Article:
magazine-category: Alumni

Dancing with Wolves (And Lemurs, Foxes and Monkeys)

Christopher Lile
Gardner-Webb graduate Christopher Lile shares his gap-year experience working with lemurs in Madagascar and wolves and foxes at Wolfpark in Indiana with Dr. Joseph Oyugi’s ecology course on Thursday, April 10, 2019.

GWU Alumnus Christopher Lile ’17 Travels
Near and Far to Defend Animals

Christopher Lile with a goatFrom bottle-feeding a grey fox pup, to advocating for red wolves, and researching lemurs or studying red-tailed monkeys, Christopher Lile is passionate about protecting wildlife. Over the last several years, the 2017 alumnus of Gardner-Webb University has followed his interests to Madagascar, Africa; Issa Valley, Tanzania; Battle Ground, Ind.; Durham, N.C., Columbia, S.C., and his hometown of Waynesville, N.C.

“Although behavioral research is my main focus and my ultimate goal is to be accepted into a Ph.D. program in primatology, I am of the belief that research should never become an isolated bubble,” Lile stated.

“Therefore, I have also devoted my time to advocating for endangered species whenever possible.”

His research opportunities include three stints at Wolf Park in Battle Ground. The Park is a nonprofit organization dedicated to behavioral research, education and conservation of wolves. Lile’s most recent role there was as a primary caregiver for two grey fox kits (pups). For a month, he and one other person were with the foxes 24/7, teaching them that the humans at Wolf Park are friends.

“The fox kits will help educate visitors about wild grey foxes, as well as be involved in ongoing and future behavioral and cognitive research,” Lile related. “The pups need to learn at an early age that wheelchairs, golf carts, crowds, and loud children will not harm them, and are a part of a typical day at Wolf Park. They would naturally be afraid of these things if not for the training and desensitization protocols that are in place.”

Lile has also spent three months in Madagascar, studying lemurs as a volunteer for the Omaha Zoo’s Department of Conservation Genetics. In Issa Valley, he worked with researchers to collect data on chimpanzees, yellow baboons and red-tailed monkeys. In the Duke Lemur Center in Durham, he collected data on lemurs and grey foxes.

A biology and psychology double major, his research experiences at Gardner-Webb opened the door for these opportunities. With a grant from the GWU Undergraduate Research Scholar program, Lile worked with his mentor, Dr. Joseph Oyugi, professor of biology, to complete a survey of small mammals at the Broad River Greenway and the surrounding area in Boiling Springs, N.C.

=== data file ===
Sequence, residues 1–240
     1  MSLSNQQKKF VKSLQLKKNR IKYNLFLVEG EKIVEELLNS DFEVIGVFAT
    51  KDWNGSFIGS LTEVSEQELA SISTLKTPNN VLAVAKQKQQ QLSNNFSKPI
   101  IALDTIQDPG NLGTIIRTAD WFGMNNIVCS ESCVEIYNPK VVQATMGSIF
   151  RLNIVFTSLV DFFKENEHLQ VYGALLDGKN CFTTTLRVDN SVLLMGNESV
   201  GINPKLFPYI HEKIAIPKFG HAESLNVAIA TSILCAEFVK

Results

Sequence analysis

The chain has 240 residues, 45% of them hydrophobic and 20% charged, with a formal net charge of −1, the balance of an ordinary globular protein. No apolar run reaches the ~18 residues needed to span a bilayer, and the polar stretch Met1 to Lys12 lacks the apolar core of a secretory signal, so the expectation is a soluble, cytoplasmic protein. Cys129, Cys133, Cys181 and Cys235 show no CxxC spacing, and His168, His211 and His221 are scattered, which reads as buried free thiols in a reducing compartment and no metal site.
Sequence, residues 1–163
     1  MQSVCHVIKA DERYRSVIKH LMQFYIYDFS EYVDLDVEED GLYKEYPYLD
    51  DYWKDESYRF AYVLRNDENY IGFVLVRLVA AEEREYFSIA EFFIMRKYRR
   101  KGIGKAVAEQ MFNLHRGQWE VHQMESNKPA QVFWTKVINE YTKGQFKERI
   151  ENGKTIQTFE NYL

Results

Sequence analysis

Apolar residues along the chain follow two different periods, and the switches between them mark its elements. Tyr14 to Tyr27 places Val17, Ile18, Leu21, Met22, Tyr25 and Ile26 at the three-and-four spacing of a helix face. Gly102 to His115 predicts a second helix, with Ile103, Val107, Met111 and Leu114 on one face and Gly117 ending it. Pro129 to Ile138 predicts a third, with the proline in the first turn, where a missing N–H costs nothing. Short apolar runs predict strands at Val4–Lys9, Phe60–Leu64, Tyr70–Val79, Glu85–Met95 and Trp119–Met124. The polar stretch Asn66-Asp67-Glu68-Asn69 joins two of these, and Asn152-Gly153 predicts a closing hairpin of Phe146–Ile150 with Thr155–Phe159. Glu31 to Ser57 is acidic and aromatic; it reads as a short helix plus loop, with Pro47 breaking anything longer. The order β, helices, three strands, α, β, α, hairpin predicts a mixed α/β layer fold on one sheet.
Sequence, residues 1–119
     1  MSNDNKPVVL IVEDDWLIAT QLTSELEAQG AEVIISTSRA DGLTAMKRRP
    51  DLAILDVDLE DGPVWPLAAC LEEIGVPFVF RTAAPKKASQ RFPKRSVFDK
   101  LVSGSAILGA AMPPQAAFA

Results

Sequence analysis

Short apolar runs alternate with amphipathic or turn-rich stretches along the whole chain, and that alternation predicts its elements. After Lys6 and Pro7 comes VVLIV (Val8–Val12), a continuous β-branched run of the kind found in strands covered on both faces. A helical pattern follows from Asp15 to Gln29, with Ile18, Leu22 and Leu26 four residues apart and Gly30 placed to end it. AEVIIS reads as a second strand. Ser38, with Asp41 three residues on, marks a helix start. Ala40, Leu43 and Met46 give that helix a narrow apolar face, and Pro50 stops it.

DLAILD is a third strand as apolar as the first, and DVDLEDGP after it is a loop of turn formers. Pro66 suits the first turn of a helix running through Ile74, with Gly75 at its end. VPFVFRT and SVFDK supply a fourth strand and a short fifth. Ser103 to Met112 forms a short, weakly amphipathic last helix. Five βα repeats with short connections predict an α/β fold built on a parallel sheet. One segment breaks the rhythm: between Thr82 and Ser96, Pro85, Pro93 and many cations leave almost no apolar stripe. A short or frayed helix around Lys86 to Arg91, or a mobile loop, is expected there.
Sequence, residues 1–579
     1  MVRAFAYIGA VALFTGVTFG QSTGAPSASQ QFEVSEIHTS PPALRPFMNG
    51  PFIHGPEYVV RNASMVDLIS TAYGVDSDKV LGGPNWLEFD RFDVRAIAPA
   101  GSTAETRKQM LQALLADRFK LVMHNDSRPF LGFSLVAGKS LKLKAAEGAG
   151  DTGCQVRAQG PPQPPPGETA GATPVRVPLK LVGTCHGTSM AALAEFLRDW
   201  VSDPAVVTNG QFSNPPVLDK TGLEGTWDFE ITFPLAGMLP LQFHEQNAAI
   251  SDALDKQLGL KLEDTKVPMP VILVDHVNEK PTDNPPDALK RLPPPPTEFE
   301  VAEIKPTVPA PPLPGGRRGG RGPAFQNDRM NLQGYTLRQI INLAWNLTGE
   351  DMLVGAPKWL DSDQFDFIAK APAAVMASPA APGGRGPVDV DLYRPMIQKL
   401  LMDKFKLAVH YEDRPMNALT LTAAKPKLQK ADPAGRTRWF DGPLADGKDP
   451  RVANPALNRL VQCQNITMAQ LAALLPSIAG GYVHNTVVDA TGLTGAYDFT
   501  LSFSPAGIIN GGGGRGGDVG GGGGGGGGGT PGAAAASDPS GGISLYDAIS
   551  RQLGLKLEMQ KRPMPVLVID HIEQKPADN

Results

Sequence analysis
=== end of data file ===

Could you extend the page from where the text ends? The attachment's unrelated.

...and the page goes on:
The paper from the project won awards and was published in “Alethia,” the Alpha Chi Journal of Undergraduate Scholarship. “The Gardner-Webb Research Scholars Program gave me the opportunity to gain basic field research experience, which made me a more competitive applicant when applying to field research positions,” Lile reflected. “I would highly recommend the scholars program to anyone interested in a career involving research.”

The GWU faculty, particularly Oyugi and Dr. Tom Jones, professor of biology, helped Lile prepare for the future and secure research opportunities. “These professors were both especially helpful in advising me during the application process of many internships I had during my undergraduate career as well as for opportunities I’ve had since graduation,” Lile shared.

Oyugi also introduced Lile to the plight of the red wolf by inviting Christian Hunt from Defenders of Wildlife to speak at Gardner-Webb. Recent changes in U.S. Fish and Wildlife policies have caused the red wolf numbers to plummet. “This species, which once ranged from Pennsylvania to Texas, now has less than 30 individuals remaining in the wild – only in eastern North Carolina,” Lile affirmed.

To increase awareness about the red wolf situation, Lile coordinated a special fundraising event at his home church in Waynesville. “My love of music, passion for wildlife, and desire for the church to become involved in conservation inspired the idea of starting Concerts for Conservation,” offered Lile, who is also a pianist. “Because red wolves, a species unique to North Carolina, face severe threats to their existence, they were the perfect focal species for the event.”

The event raised more than $5,800 for Defenders of Wildlife. Lile continues to work for the organization to share the red wolf story throughout western North Carolina.

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